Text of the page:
To be sure, Kavanaugh did not expressly endorse Rehnquist’s writings on Roe (and his discussion of Roe takes up at most a page of the 17-page lecture). But in addition to describing Rehnquist as his “judicial hero,” Kavanaugh also wrote that, when he was assigned while in law school to read cases from Rehnquist’s time on the court, Rehnquist’s “opinions made a lot of sense to me. In class after class,” Kavanaugh concluded, “I stood with Rehnquist” – a statement that could be read to signal at least some agreement with Rehnquist’s dissent in Roe.
Roughly a month after his Constitution Day lecture, Kavanaugh was selected for a three-judge panel to consider an emergency appeal by the federal government in the case of Jane Doe, an undocumented teenager in immigration custody who wanted to have an abortion. As The Washington Post reported, Kavanaugh’s votes in the case prompted the president of the National Women’s Law Center to characterize it as his “audition for the Supreme Court,” noting that he was only added to Trump’s shortlist of potential Supreme Court nominees after he “demonstrated his hostility to abortion,” while the president of Americans United for Life said that she was “confident” that Kavanaugh would believe that Roe was wrongly decided.
The legal battle began last fall, when Jane Doe – a 17-year-old who was then approximately eight weeks pregnant – tried to enter the United States illegally, without any adult family members accompanying her. She was detained by federal immigration authorities and placed in a federally funded shelter. When Doe asked to obtain an abortion, her request was denied, because the Office of Refugee Resettlement (the federal agency responsible for unaccompanied minors in immigration custody) bars workers at federal immigration shelters from “taking any action that facilitates abortion without direction and approval from” the ORR director.
On October 13, 2017, Doe filed a lawsuit in federal district court, seeking access to an abortion. The district court ruled in her favor five days later, ordering the government to allow her to be taken to an abortion provider. The government went to the D.C. Circuit, asking the court of appeals to put the district court’s order on hold while it appealed the ruling. The government argued that its refusal to help Doe obtain an abortion could not impose any real burden, much less an undue burden, on Doe’s rights because Doe had other options: She could choose to leave the United States altogether, or she could find a sponsor to take her on. The government emphasized that it had a strong interest “in promoting fetal life and childbirth”; moreover, it added, courts have ruled that there is no “undue burden” imposed by government policies that “encourage childbirth over abortion by refusing to affirmatively facilitate a woman’s right to an abortion, which the government has no duty to do.”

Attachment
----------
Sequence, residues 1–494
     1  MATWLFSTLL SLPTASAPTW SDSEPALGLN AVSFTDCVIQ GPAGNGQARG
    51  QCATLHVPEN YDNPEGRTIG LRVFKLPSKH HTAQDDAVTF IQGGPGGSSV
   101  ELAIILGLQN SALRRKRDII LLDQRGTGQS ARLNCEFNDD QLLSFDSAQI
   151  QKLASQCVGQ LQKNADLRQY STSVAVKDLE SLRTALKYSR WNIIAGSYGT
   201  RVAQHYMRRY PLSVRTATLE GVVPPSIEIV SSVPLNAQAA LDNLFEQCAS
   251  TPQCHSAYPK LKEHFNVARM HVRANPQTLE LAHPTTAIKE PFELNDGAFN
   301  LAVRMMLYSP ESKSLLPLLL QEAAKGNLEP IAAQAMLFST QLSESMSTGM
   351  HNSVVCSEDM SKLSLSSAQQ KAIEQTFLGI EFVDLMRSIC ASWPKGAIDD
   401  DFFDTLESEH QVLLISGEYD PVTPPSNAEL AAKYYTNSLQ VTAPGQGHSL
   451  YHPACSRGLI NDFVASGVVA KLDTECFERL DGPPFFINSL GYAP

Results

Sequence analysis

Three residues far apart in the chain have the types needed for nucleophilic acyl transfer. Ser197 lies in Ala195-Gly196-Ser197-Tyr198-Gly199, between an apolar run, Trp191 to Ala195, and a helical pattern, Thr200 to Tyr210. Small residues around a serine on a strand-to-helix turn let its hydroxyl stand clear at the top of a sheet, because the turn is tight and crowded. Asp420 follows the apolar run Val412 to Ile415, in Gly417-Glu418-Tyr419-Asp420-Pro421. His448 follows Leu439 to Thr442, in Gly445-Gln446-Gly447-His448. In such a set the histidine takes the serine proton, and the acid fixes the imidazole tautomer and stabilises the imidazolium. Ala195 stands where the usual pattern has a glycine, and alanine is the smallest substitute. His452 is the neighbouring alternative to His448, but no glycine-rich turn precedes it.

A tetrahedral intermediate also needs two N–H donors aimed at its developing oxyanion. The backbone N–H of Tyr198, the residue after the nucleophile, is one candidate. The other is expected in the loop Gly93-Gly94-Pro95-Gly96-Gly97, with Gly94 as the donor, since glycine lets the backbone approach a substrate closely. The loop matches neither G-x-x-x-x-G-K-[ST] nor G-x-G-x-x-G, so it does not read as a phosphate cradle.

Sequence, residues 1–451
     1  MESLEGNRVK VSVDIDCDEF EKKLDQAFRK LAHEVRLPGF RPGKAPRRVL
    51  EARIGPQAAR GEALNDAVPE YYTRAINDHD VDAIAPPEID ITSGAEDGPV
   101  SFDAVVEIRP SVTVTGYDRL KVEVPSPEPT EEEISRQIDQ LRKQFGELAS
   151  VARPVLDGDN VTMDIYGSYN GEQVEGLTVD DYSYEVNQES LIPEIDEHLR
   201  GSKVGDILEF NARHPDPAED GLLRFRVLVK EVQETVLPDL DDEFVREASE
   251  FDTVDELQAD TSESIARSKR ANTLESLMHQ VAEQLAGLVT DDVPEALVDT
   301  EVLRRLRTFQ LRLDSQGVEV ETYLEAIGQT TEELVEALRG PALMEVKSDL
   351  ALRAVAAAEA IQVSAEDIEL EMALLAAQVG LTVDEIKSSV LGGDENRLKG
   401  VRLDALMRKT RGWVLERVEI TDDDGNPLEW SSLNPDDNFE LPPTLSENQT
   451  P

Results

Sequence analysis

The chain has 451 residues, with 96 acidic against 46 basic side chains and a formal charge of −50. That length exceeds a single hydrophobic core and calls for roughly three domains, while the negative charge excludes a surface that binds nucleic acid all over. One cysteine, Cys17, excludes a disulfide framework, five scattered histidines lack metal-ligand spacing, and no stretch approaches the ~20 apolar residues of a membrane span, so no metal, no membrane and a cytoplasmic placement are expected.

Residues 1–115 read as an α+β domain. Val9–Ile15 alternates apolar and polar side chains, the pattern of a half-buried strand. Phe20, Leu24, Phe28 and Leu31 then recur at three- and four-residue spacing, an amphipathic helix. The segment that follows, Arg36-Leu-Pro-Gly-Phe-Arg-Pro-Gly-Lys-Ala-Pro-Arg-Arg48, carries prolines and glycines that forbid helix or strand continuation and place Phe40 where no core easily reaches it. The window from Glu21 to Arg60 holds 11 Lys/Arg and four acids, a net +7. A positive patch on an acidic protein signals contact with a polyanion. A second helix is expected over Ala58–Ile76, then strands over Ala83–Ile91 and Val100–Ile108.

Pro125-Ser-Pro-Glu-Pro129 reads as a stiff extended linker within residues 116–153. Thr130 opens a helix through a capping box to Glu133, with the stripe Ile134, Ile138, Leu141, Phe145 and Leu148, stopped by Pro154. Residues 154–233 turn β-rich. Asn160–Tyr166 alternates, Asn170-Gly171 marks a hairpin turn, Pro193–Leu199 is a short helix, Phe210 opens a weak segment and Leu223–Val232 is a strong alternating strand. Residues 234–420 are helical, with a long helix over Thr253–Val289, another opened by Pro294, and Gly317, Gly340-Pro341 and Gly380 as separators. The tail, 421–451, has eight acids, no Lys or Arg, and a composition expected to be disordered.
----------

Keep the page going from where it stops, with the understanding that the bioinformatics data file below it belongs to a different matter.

On October 20, Kavanaugh and Judge Karen LeCraft Henderson granted the government’s request, in a brief order that drew a lengthy dissent from Judge Patricia Millett. Kavanaugh and Henderson agreed with the government’s argument that requiring Doe to be released from immigration custody to a sponsor “does not unduly burden the minor’s right under Supreme Court precedent to an abortion” – “so long as the process of securing a sponsor to whom the minor is released occurs expeditiously.” The pair gave the federal government 11 days to find a sponsor for Doe and release her, at which point she could obtain an abortion. If the government could not find a sponsor, the order continued, the district court could enter another order, from which the government or Doe could then appeal.
Doe quickly went to the full D.C. Circuit, which on October 24 issued an order that cleared the way for Doe’s abortion. Kavanaugh dissented from that ruling, arguing that the decision “is ultimately based on a constitutional principle as novel as it is wrong: a new right for unlawful immigrant minors in U.S. government detention to obtain immediate abortion on demand, thereby barring any Government efforts to expeditiously transfer the minors to their immigration sponsors before they make that momentous life decision.” Describing the case as “novel and highly fraught,” Kavanaugh contended that it “is not an undue burden for the U.S. Government to transfer an unlawful immigrant minor to an immigration sponsor before she has an abortion, so long as the transfer is expeditious.” Here, Kavanaugh explained, transferring custody of Doe to a sponsor by October 31 (the deadline set by the panel) would be expeditious because she would still only be 16 or 17 weeks pregnant, and could get an abortion at that point. Even if no sponsor were found by October 31, Kavanaugh continued, “it could turn out that the Government will be required by existing Supreme Court precedent to allow the abortion,” even if Doe is still in immigration custody. “In any event,” Kavanaugh added, the court of appeals “can immediately consider any additional arguments from the Government if and when transfer to a sponsor is unsuccessful.”